Hardline Indonesian cleric Abu Bakar Bashir walked out of a Jakarta jail today after serving time for links to the 2002 Bali bombings.

Wearing his trademark white skullcap and shawl, a smiling Bashir was surrounded by supporters shouting "Allahu Akbar" (God is greatest).

"I thank God almighty, also my lawyers and the gentlemen who defended me during my trials," Bashir said.

"I will maintain my struggle to uphold sharia (Islamic law), he added, before getting into a black van.

Seen by the West as the spiritual head of the al Qaeda-linked Jemaah Islamiah (JI) regional militant network, Bashir was convicted of being part of a conspiracy behind the Bali bombings that killed 202 people, many of them Australian tourists.

Southeast Asian and Western authorities blame the group for the Indonesian resort island attack and other strikes in the region.

Hundreds of Bashir supporters from hardline Muslim groups were outside the jail to welcome him. Scores of police were also on hand and security was tight, but the crowd quickly dissipated once the cleric had left.

Some planned to join a motorcade expected to take Bashir back to his school.

Punching his fist in the air with joy, Bashir's son Rohim told reporters: "I'm very happy right now. All things have been resolved, and he is free now".

Asked about possible police surveillance of his father, he said: "I don't care about it. If they want to watch, go ahead".

There had been little international comment on Bashir's scheduled release. But Australian and US officials have in the past criticised Indonesia, the world's most populous Muslim nation, for giving him a relatively light sentence and for subsequently reducing the term.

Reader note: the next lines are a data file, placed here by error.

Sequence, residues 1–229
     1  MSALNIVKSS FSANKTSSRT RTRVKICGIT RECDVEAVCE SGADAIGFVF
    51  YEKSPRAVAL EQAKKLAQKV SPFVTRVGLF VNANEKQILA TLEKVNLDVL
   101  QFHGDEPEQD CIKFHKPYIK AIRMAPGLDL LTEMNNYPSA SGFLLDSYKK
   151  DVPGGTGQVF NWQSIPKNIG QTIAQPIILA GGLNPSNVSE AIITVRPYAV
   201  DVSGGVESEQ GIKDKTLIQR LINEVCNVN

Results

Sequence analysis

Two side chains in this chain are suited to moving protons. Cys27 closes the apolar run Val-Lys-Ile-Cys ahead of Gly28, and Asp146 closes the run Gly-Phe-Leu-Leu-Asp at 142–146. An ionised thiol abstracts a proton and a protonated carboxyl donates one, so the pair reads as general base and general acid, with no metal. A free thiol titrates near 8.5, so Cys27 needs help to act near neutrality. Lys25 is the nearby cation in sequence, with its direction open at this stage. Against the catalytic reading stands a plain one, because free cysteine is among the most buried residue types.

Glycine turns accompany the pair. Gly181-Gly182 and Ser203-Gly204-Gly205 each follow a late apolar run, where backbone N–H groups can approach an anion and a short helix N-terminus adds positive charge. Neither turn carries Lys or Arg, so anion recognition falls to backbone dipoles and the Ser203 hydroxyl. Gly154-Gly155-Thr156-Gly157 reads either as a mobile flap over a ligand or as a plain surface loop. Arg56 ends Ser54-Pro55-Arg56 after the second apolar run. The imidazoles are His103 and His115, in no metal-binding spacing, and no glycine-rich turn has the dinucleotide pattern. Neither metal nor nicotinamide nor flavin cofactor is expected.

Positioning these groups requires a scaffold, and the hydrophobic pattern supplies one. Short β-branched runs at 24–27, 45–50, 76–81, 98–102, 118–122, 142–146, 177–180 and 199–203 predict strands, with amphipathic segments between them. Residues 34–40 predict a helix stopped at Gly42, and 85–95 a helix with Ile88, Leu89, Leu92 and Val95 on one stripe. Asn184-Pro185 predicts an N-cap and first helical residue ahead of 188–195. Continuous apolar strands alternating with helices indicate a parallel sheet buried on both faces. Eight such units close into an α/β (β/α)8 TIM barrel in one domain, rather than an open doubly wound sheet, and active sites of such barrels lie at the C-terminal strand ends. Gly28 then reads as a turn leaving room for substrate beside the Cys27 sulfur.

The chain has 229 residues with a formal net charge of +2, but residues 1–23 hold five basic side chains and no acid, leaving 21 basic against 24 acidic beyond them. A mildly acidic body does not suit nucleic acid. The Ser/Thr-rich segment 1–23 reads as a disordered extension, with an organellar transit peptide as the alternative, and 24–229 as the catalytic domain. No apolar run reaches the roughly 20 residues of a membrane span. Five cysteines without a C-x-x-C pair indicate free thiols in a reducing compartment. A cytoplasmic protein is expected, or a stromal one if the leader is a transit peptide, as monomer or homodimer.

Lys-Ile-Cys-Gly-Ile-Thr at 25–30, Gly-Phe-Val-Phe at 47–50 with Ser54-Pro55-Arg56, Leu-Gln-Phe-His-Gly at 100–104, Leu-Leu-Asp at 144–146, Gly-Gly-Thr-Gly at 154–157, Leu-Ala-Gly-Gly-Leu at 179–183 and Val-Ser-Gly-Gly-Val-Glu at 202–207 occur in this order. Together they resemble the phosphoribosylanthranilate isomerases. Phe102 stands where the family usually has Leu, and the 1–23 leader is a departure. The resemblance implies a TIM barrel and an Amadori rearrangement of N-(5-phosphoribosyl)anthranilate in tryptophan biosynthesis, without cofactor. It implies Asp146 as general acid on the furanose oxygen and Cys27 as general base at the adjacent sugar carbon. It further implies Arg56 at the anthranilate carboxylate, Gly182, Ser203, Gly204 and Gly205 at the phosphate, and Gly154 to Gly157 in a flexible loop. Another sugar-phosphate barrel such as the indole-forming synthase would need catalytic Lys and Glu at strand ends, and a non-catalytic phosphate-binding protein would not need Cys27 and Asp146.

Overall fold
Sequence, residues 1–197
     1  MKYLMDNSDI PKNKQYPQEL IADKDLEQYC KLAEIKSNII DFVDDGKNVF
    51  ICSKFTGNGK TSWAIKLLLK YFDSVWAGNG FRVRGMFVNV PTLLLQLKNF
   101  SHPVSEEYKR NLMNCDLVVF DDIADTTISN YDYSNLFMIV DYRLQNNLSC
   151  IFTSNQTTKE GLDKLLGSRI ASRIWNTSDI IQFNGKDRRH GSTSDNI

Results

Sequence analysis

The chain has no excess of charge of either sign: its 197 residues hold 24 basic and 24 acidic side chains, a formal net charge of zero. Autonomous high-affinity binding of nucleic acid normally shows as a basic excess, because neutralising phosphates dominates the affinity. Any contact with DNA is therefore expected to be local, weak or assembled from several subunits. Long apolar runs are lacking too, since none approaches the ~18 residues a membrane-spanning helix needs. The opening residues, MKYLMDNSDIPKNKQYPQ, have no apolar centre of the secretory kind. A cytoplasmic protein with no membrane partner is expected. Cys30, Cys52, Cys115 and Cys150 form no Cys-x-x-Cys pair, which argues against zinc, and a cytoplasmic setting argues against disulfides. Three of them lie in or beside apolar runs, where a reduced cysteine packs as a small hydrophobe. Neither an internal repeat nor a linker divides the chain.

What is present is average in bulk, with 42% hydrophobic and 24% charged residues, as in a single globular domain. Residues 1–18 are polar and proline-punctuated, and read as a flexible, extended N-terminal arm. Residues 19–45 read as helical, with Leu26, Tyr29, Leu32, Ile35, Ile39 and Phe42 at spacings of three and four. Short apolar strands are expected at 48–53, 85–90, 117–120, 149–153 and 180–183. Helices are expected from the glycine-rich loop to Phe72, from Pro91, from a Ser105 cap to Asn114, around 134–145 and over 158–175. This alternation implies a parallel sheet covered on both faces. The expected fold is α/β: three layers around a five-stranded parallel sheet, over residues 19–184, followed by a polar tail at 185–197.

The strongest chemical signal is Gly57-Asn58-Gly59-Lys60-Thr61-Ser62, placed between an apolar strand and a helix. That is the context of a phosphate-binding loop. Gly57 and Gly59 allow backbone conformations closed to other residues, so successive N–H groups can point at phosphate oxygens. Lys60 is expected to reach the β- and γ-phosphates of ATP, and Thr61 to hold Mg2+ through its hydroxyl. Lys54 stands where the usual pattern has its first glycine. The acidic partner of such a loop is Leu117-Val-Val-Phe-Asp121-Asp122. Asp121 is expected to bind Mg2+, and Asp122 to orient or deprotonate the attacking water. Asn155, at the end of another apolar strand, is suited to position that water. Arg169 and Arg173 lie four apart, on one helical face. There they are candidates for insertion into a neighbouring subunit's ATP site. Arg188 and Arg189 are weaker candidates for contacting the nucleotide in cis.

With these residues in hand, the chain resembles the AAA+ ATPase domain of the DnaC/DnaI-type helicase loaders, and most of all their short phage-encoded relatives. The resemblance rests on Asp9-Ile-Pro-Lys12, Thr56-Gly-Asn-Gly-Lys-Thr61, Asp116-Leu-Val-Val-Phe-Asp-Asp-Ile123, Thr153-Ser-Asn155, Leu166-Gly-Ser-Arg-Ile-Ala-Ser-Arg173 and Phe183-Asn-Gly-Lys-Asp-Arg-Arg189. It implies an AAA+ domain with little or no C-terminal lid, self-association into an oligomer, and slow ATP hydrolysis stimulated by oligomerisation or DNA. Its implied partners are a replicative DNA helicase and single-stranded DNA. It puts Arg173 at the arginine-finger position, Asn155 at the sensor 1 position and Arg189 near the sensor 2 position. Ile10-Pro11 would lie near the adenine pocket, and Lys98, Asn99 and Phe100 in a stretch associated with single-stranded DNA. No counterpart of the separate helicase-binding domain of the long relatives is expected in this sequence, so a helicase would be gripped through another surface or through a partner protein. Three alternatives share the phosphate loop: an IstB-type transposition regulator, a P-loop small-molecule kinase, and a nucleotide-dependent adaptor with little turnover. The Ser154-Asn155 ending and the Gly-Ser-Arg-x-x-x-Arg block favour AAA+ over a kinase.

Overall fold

Analysts say militants could use Bashir's release to revive Jemaah Islamiah, which police say has become decentralised, with factions splitting off and operating independently.

"The perception among security forces is that the release may help consolidation moves as they (JI) have been torn after the death of their leader," said University of Indonesia security analyst Andi Widjajanto.

Terrorism mastermind

He was referring to alleged terrorism mastermind Azahari bin Husin who was killed in a police raid late last year.

Bashir was arrested several days after the 2002 Bali blasts for investigations on separate crimes and later spent 18 months in jail for minor immigration offences after treason charges against him were dismissed or overturned in court.

Police rearrested him for suspected links with the Bali attacks as he was leaving prison in April 2004. A court last year sentenced him to 30 months in jail after finding him guilty of being part of a conspiracy behind the bombings.

The 67-year-old cleric, who has called al Qaeda leader Osama bin Laden a true Islamic warrior, denied any wrongdoing. He insists Jemaah Islamiah does not exist, and Indonesian courts have dismissed charges that he led the network.

His walk to freedom comes after a reduction in his sentence from remissions he received on Indonesia's 60th independence celebration last August and because of time served in detention.

Bashir plans to take a 12-hour overland ride to the Al-Mukmin Islamic school he co-founded near the city of Solo, around 480 km (300 miles) from Jakarta, where a low-key homecoming awaits him.

"We have been told by him that we don't need to be festive. If we celebrate, it will poke some sick-hearted people and they could become sicker," principal Farid Ma'ruf told Reuters by telephone from the Central Java school.

Several graduates of the school, popularly known as "Ngruki" after the neighbourhood where it is located, are in prison for involvement in terrorism. The Brussels-based International Crisis Group has branded the school the "Ivy League" of militants.

Indonesian authorities, however, have reviewed its curriculum and say they found no inclination towards terrorism.

Indonesian officials say that despite the capture of nearly 300 people suspected of violating anti-terrorism laws, violent militants remain a serious threat in the vast archipelago of 17,000 islands and 220 million people.

- REUTERS